Bilbao (Spain) (AFP) – Hopes have risen for the disarmament of western Europe's last major violent separatist group, the Basque movement ETA, with an announcement expected on Friday by international experts seeking a settlement.
ETA is blamed for the deaths of 829 people in a four-decade campaign of shootings & bombings for an independent Basque homeland in northern Spain & southwestern France.
It has so far refused to disarm or disband, yet said this month it plans to make "significant contributions" towards a lasting settlement — widely seen as meaning a step towards disarmament.
p>The International Verification Commission of five foreign statesmen & experts plans to meet with local leaders & make an announcement to the media at 2:00pm (1300 GMT) on Friday in the Basque city of Bilbao.
A commission spokesman said it would donate a "very significant & positive" message, "to do with the next step in the issue of peace".
The Basque conservative regional government "hopes that the new announcements this weekend will be serious & trustworthy", said its secretary general for peace, Jonan Fernandez.
Any announcements must "represent firm deeds with a view to the disarmament & disbandment of ETA", he said.
Classed as a terrorist group by the United States & European Union, ETA has been weakened over recent years by the arrests of its senior leaders in Spain & France. Only approximately 30 of its active members are thought to be still at large.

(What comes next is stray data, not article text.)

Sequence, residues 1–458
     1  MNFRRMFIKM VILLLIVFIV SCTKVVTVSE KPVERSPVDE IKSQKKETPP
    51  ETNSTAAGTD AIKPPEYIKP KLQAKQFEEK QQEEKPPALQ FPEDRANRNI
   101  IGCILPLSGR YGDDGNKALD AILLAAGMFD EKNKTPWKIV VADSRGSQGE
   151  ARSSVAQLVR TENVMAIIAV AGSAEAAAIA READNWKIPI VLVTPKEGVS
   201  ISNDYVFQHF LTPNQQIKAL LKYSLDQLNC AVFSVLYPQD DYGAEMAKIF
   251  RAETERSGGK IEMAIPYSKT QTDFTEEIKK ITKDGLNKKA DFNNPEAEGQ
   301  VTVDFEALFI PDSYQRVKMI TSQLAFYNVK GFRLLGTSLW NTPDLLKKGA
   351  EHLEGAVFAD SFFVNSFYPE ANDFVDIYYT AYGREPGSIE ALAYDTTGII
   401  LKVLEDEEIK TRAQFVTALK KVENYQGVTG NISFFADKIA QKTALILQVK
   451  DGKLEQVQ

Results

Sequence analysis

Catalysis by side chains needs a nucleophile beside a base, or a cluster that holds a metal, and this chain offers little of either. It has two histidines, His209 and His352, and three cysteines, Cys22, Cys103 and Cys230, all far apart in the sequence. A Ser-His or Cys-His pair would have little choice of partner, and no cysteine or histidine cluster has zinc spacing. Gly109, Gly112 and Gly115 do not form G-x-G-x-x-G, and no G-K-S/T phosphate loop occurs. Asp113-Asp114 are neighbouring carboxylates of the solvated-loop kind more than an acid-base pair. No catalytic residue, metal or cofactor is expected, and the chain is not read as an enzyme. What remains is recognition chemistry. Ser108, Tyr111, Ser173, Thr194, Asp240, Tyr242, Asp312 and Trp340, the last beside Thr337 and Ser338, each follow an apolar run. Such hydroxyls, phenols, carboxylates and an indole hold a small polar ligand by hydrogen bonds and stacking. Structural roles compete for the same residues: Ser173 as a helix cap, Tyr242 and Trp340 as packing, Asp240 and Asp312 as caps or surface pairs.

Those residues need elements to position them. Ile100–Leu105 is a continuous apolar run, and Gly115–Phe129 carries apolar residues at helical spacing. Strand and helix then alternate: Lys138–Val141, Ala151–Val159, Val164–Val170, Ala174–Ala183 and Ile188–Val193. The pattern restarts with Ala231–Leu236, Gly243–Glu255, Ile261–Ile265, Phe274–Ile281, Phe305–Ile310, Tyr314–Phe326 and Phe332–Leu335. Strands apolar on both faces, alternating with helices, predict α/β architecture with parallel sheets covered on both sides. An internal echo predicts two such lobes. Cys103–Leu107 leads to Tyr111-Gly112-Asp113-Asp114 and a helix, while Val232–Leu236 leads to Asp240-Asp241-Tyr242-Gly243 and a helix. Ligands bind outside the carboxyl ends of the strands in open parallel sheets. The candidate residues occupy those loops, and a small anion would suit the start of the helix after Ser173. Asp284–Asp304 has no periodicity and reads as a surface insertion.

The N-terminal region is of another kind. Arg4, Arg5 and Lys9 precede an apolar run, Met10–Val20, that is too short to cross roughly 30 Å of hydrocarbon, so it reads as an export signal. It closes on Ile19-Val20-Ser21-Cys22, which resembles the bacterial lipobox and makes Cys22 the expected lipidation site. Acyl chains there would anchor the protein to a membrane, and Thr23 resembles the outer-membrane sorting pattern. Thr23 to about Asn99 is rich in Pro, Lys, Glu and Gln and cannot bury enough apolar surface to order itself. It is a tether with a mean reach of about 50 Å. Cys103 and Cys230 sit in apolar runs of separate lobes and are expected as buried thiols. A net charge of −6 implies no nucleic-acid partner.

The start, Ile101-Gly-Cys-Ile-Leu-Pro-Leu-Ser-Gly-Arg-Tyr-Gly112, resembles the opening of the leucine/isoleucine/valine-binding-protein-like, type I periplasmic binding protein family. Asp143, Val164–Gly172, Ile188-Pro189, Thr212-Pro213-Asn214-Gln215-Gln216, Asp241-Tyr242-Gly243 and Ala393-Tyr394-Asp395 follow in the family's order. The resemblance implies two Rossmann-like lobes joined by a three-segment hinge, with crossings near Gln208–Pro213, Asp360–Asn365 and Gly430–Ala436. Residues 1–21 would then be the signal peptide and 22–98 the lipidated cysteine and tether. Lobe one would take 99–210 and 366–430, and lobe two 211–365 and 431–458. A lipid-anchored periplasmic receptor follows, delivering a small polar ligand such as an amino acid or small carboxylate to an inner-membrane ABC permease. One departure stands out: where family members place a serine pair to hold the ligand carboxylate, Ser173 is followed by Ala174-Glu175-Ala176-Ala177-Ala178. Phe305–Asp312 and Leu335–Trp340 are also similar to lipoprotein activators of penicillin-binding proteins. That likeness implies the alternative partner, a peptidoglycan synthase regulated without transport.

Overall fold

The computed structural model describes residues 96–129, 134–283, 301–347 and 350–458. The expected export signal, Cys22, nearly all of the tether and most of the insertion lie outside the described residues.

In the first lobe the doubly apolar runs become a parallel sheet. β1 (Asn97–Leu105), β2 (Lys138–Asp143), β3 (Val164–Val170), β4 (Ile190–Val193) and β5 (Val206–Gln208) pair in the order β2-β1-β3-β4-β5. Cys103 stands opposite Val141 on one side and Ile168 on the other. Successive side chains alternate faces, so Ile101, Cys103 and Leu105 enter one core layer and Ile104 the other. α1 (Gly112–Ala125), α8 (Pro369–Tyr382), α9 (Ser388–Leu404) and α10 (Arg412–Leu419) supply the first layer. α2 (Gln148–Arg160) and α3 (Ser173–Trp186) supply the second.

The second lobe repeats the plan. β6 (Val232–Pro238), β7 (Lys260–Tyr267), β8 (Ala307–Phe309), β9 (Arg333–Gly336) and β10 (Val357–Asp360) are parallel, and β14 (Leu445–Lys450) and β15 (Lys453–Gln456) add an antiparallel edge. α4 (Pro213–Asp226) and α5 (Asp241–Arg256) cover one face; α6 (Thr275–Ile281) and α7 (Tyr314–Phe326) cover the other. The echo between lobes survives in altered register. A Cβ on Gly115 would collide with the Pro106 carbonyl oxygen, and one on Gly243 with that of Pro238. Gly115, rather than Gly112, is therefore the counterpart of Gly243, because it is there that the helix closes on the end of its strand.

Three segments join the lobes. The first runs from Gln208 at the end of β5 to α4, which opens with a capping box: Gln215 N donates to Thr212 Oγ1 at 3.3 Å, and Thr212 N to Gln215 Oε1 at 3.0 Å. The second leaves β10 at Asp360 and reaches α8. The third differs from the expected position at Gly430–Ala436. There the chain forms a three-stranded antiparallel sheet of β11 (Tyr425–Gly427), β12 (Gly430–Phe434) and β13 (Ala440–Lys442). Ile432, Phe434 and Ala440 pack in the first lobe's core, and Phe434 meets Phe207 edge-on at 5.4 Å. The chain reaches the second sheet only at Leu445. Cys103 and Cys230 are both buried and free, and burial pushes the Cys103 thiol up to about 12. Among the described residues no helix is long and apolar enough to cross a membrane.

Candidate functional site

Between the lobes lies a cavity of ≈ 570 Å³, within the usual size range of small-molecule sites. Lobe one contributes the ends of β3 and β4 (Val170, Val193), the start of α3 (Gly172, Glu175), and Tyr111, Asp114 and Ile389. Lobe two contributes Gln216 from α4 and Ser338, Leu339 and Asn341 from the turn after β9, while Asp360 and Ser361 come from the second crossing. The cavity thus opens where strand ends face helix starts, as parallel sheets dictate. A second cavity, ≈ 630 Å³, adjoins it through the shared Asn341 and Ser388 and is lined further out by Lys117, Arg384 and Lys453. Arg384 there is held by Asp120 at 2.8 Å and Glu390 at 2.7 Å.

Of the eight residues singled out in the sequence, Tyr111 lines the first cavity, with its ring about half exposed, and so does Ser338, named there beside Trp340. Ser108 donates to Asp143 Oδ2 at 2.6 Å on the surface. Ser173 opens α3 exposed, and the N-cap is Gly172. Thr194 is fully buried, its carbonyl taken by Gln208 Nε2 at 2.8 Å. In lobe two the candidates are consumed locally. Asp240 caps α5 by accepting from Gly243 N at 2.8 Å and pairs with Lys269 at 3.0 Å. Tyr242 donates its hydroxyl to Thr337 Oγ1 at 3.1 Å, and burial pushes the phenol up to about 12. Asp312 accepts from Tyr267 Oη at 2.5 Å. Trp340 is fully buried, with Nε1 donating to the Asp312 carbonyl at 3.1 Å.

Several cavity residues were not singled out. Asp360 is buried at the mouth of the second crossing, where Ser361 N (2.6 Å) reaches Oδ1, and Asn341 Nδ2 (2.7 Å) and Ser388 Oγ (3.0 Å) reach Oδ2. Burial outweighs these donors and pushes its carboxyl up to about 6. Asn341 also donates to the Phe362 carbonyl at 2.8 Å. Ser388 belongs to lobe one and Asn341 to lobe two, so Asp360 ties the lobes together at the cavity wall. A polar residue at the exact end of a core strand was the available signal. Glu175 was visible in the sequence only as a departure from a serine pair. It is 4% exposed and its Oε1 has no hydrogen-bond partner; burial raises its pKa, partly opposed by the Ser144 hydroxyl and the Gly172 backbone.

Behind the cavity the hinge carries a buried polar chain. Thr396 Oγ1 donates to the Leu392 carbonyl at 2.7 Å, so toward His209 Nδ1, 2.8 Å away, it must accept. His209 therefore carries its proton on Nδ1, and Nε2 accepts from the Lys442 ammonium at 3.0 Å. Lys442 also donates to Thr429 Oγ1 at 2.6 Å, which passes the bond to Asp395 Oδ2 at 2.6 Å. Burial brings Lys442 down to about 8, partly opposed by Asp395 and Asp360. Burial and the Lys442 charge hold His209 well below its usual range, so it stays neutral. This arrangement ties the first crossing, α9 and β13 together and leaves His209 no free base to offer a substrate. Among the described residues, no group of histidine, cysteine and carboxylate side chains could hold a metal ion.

In October 2011 it announced a "definitive end to armed activity" yet refused to formally disarm & disband as the Spanish & French governments demand.
Meanwhile, non-violent leftist Basque nationalist parties have gained political influence & increasing power through regional elections.
Over recent months ETA members have raised sensitivities in Spain by trying to gain concessions from the Spanish government over prison conditions.
But the Spanish & French governments refuse to negotiate with ETA & Spain does not recognise the verification commission.
They have ignored ETA's request to negotiate its disbandment on conditions such as transferring prisoners to jails closer to home.
Hopes of progress were raised however on January 11 when rival Basque political parties joined together in a demonstration supporting that demand.
Then on February 7 ETA promised "significant contributions" towards a settlement "without delay".
"These are all little steps & I think that shortly they will take another step, perhaps a more significant one," said Gorka Landaburu, a specialist in Basque affairs.
Specialists say the new announcement could donate details of the locations of ETA arms caches — most of which are thought to be in France — or that ETA could at least promise to do so.
"They won't be talking approximately disbanding yet," Landaburu added.
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